With their song "Bar Bar Bar" in the number one spot on Billboard K-Pop Hot 100 this week on the strength of a viral video that has earned over 3 million YouTube views, K-pop girl group Crayon Pop should be on top of the world.
Yet, greater visibility offers more chances to stir up controversy and the five members of Crayon Pop have been doing exactly that lately.
The most recent ruckus arose from what was perceived as a former affiliation by Crayon Pop's members to the controversial South Korean social networking site Ilbe or "Daily Best."
The website is known for having members that express extreme right-wing, anti-communist and sexist views, according to the publication eNEWS.
Crayon Pop came under fire for using the word "hobbler," used by Ilbe users to mock former South Korean President Kim Dae Jung.
An official statement released by the band's record label Chrome Entertainment on Wednesday called the whole thing a misunderstanding.
"One member used the word ′hobbler′ when she saw another member limping," the statement read.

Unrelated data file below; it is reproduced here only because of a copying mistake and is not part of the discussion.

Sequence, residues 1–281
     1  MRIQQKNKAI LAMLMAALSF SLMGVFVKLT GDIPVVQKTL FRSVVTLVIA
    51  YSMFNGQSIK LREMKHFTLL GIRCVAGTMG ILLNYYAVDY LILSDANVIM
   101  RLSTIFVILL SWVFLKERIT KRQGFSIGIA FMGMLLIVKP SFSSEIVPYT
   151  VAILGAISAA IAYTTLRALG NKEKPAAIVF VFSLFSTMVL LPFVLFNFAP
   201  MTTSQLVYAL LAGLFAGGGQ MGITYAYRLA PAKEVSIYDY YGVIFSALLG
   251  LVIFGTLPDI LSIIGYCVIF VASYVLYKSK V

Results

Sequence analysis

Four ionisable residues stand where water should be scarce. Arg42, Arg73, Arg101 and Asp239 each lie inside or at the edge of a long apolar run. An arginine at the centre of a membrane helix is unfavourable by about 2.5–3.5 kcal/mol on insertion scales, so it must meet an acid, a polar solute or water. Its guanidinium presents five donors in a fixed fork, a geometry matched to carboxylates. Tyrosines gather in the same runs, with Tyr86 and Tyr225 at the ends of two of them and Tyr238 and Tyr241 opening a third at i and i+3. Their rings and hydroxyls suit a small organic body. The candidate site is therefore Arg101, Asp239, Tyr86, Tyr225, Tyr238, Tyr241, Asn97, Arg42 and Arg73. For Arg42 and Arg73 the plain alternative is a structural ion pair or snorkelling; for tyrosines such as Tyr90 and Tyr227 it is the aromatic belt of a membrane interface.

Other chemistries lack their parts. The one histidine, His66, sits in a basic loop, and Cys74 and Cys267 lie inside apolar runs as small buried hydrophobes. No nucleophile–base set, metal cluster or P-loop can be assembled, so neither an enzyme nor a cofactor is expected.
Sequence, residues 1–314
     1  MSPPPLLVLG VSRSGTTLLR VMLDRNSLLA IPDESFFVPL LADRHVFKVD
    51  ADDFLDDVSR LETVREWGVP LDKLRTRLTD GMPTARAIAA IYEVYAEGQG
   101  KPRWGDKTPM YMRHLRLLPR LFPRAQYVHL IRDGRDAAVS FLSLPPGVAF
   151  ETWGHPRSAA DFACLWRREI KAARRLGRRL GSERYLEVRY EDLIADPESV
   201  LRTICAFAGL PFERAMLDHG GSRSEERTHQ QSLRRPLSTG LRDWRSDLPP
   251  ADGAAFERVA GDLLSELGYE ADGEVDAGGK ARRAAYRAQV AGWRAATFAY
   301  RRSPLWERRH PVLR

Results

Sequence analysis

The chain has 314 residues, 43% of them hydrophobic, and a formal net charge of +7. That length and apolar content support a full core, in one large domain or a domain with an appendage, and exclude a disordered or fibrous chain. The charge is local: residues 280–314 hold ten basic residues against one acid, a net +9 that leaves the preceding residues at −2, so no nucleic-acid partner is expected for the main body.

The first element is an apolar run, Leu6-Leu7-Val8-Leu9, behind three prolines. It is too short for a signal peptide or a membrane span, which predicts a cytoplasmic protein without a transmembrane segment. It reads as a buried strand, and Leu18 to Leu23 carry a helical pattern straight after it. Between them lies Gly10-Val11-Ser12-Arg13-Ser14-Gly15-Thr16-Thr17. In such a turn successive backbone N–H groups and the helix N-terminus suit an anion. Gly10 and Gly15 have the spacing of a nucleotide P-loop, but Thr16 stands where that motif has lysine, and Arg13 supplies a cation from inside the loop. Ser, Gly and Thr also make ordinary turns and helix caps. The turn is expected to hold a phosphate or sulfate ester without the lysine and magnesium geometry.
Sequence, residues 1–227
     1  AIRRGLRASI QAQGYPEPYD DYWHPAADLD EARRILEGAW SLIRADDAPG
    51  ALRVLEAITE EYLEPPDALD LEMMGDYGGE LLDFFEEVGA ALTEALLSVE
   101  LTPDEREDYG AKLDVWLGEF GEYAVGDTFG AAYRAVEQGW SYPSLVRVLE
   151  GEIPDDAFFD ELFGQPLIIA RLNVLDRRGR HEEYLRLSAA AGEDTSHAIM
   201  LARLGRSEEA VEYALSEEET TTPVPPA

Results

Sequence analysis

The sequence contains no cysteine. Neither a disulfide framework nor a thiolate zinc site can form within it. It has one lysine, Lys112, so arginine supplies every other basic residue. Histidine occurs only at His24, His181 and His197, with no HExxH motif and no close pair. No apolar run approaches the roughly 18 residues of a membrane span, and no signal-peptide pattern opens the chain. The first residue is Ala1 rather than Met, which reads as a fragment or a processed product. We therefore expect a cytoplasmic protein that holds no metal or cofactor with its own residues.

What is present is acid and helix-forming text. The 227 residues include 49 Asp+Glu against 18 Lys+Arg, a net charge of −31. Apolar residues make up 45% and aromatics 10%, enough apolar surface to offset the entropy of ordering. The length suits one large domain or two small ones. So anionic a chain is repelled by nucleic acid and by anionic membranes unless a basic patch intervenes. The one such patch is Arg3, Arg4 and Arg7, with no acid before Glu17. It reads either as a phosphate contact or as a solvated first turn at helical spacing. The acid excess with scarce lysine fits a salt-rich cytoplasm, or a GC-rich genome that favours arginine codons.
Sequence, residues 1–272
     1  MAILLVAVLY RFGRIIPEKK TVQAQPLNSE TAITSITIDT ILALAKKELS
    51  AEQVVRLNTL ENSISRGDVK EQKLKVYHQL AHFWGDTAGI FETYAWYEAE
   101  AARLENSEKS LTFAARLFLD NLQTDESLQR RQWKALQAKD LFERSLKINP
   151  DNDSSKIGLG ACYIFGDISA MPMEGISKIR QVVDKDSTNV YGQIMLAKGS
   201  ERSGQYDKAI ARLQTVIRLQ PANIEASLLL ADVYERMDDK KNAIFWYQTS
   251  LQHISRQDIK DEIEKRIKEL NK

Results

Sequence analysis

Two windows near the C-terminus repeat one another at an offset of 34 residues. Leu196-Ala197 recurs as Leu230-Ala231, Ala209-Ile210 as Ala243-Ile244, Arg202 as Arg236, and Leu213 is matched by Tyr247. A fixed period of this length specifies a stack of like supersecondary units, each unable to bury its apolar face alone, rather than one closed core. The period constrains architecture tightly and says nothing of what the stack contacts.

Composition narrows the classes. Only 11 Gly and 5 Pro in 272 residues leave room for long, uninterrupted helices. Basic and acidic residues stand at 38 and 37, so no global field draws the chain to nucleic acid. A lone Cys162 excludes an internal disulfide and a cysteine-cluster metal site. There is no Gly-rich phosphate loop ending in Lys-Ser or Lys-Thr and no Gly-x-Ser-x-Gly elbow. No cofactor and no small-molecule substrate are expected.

"We′re surprised to find that the word can be used to put down the late former president Kim Dae Jung. We are, however, regretting that she used the word without thinking that it could hurt the feelings of those with real handicaps."
Several members of Crayon Pop were also believed to be referencing Ilbe by using the slogan "no moo no moo," as a way of saying "very, very."
"No moo no moo," was used on the controversial website to mock former President Roh Moo Hyun.
The Chrome Entertainment statement emphasized that Crayon Pop had no idea they were making political references.
"Crayon Pop members are not members of Ilbe," the statement read./font>
"[One band] member just used 'no moo no moo' in an effort to look cute. The member didn't know that her comment could be interpreted in a political way, and she didn't know that the word was used by Ilbe to put down the late former president Roh Moo Hyun. This is because she had never been on Ilbe."
The incident led to Crayon Pop being dropped, at least temporarily, from an online shopping ad campaign.
That article was a little better to understand than the Korea Times story I posted. I initially assumed they got into a nasty netizen debate over the latest helmet fashion triends, and calling those who disagreed with them, “cripples.”
Did you find it weird the way they referred to the individuals not by name, but by saying (repeatedly) "one member". Like they have no individual identity.